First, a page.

"The result is that Ombudsman determinations risk being tainted by hindsight, which would be an unfair outcome for firms.  One only has to look at endowment complaints to see the harsh results that can be produced by the absence of any long-stop time limit and the possible influence hindsight could have on determinations."

"In an attempt to alleviate this risk and provide greater certainty about the standards against which advice will be judged, the FSA will also feedback in November on whether it is minded to adopt proposals for the annual collation of contemporary market practice for advising in different scenarios in relation to different types of product. The FSA is concerned about the cost of preparing a record of contemporary market practice, but the benefit of greater certainty and a reduction of the risk of hindsight is likely to outweigh the costs of implementing the proposal.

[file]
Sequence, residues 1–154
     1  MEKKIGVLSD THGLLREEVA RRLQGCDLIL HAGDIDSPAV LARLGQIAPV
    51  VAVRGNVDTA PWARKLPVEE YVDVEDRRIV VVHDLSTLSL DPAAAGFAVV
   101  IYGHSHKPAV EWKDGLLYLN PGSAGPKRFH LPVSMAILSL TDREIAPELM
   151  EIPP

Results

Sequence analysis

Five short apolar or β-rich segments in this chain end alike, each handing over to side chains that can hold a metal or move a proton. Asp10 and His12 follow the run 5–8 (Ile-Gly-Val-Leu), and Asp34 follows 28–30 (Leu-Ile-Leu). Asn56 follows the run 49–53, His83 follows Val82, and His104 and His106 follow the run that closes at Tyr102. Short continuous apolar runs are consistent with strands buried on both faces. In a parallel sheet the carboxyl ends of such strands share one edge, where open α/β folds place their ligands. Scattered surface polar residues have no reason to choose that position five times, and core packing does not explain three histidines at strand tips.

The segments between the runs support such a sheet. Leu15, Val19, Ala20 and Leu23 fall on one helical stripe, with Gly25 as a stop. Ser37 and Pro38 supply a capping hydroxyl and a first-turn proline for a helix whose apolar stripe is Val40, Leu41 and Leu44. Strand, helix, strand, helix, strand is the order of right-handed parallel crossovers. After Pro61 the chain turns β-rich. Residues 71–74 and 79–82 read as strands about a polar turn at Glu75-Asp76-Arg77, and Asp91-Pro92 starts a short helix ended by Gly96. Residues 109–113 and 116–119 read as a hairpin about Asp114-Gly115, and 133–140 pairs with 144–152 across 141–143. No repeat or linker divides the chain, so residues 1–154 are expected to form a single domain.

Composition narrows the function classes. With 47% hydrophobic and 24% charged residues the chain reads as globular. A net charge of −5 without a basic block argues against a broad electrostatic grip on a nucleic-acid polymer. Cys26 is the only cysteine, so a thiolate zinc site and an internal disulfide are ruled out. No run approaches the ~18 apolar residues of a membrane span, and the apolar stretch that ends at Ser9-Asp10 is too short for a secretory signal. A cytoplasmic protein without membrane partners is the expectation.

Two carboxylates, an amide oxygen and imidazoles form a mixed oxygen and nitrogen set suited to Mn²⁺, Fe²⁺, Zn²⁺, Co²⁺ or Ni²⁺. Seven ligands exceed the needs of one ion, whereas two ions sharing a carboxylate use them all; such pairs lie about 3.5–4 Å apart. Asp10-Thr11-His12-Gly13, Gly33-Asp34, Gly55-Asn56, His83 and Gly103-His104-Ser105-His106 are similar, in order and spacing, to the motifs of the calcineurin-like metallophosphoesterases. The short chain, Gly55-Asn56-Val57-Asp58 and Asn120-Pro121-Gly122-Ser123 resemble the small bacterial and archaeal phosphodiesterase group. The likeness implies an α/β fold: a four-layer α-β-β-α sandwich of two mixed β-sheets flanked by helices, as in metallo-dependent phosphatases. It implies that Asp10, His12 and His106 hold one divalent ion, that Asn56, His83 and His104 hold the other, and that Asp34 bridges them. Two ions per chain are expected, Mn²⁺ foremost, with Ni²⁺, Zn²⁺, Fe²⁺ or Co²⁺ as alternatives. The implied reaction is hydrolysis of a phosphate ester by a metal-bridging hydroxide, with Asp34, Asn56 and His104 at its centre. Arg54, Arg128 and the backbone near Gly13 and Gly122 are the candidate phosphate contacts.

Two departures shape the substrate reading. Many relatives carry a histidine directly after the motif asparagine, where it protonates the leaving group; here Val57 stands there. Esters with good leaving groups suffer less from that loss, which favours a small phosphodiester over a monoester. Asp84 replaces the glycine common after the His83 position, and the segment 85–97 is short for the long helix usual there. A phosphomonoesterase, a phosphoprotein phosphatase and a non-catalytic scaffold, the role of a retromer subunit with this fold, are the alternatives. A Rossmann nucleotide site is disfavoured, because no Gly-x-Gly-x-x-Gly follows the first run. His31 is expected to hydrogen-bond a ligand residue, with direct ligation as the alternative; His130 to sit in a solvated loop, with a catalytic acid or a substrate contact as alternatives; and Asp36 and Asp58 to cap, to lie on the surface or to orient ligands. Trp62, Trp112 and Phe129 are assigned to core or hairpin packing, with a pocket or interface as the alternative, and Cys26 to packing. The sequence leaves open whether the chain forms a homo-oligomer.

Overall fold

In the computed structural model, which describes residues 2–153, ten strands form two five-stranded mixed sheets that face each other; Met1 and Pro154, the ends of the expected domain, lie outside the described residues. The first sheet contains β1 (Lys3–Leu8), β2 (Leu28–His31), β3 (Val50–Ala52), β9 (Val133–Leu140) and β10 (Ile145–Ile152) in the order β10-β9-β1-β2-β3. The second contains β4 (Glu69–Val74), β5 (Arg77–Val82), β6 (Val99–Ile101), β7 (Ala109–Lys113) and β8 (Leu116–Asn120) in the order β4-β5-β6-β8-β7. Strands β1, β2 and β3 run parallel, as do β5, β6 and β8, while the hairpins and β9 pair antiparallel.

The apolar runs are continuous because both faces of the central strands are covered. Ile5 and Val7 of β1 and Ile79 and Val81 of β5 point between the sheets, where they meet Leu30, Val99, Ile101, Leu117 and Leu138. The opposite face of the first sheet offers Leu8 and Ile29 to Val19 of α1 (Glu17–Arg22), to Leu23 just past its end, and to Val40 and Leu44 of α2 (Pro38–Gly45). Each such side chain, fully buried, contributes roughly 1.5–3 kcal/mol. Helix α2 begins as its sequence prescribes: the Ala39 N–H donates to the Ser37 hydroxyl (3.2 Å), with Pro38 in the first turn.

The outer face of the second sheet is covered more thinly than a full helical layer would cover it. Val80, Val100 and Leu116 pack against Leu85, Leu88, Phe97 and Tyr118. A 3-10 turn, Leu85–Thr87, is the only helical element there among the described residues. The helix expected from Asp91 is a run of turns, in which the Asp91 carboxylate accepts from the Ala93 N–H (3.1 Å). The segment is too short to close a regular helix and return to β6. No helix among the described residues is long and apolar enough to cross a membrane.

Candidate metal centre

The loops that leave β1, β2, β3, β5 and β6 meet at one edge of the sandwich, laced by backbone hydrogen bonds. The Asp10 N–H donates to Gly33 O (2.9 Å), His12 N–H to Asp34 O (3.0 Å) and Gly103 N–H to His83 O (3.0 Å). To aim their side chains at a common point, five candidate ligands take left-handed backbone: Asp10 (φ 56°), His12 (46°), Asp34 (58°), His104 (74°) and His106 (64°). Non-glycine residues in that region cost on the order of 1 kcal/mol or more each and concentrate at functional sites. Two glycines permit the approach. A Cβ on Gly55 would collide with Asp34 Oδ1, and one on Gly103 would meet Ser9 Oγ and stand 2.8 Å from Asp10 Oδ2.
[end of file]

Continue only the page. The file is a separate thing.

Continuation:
Browne Jacobson cites endowment complaints as a useful example to illustrate how little responsibility the FSA and FOS place upon consumers for the financial decisions they make. Despite the fact that firms might have provided investors with detailed illustrations on investment performance and annual statements on actual growth, complaints brought on the grounds that the plan holder would not have gone ahead with the endowment had they known there was an investment risk are regularly upheld. 

While the FOS is intended to be completely independent and impartial - and not a consumer champion - by effectively relieving consumers of any responsibility for their decision and assuming that they had no understanding of the risk inherent with endowment policies, unfairness to firms and bias in favour of consumers is the inevitable outcome. The question of determining the level of responsibility consumers should recognise they have in making investment decisions is also being considered by the FSA and feedback will be given when it reports back on the Retail Distribution Review consultation in November.